Toni Stella, National Training Manager of the SAPMA, says the first step in painting a corrugated/IBR iron roof (or any roof for that matter) should be to thoroughly clean the roof. This could be done with a broom and hose, but for best results he advocates the use of a high-pressure water blaster, which provides maximum penetration of spots that are hard to access.
“A new iron roof must be washed with a degreaser before paint work starts unless the roof is more than a year old and has weathered sufficiently for all the oil from the fabrication to have worn away. Unpainted galvanised iron must first receive a suitable primer followed by two coats of paint. Colour is a personal choice, but bear in mind that lighter colours will reflect the heat, providing a cooler interior.
“Airless spraying is the quickest way to paint any roof, but this process calls for a certain technique. You should spray sections of about a meter in width and work your way down the sheet, spraying in the direction of the flutes in corrugated iron. Once you have worked your way, move back to the top of the roof and repeat the application on the next sheet. You must keep a wet edge at all times – that is why it is important to start painting the top of the roof before the paint starts to dry. If you work from the bottom to the top, the top part could already be tacky by the time you get back up there.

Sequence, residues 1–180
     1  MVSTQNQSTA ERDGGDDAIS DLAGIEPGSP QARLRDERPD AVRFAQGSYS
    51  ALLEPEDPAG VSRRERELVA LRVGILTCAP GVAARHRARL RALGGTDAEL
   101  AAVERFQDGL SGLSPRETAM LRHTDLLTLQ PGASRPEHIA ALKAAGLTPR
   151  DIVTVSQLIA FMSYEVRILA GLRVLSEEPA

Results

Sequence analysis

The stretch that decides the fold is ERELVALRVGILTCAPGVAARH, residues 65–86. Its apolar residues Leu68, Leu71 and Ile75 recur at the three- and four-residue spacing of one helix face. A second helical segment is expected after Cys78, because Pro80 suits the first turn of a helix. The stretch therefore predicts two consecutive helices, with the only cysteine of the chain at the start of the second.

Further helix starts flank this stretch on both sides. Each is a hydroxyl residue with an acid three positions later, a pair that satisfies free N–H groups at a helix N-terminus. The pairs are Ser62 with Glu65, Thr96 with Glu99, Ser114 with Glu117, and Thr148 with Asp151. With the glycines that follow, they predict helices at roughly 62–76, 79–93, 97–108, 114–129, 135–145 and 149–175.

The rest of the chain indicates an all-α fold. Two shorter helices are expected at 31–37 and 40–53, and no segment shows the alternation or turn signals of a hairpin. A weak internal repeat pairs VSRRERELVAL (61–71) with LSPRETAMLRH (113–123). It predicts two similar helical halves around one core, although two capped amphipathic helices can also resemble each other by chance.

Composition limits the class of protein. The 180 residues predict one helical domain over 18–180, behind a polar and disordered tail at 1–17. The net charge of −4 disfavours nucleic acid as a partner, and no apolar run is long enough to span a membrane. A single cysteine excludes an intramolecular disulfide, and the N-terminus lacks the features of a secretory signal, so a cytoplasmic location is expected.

“You can also use rollers shaped like corrugated iron but, although they work well, you will still have to make sure that the paint reaches all the corners and ridge caps. You could also use a simple brush to paint the entire roof, but it is a laborious task and you have to start early in the morning to avoid painting in the heat of the day, particularly in summer when the paint will dry far too quickly. Another thing to remember is to paint in small sections, similar to spraying, but with a brush rather do half-sheet widths at a time. Also make the overlap mark the hollow of the corrugated iron and not the top of the ridge,” Stella advises.
“For painting tiled roofs, a primer or roof sealer should be liberally applied followed by two coats of suitable paint. Airless spraying is also recommended, with the following technique: Paint about four tiles down from the top, and then paint across the roof until you get to the other end. From there, go back to where you started and repeat spraying about four tiles down again. Then continue across the roof to the other end. Each time you start a section, paint up to the bottom edge of the previous tile painted. This system will help avoid overlaps.
“You could also paint a tiled roof with a brush but this really is a long and grueling task. Rather hire an airless spray gun: the rental cost will be offset by the time saved,” Stella concludes.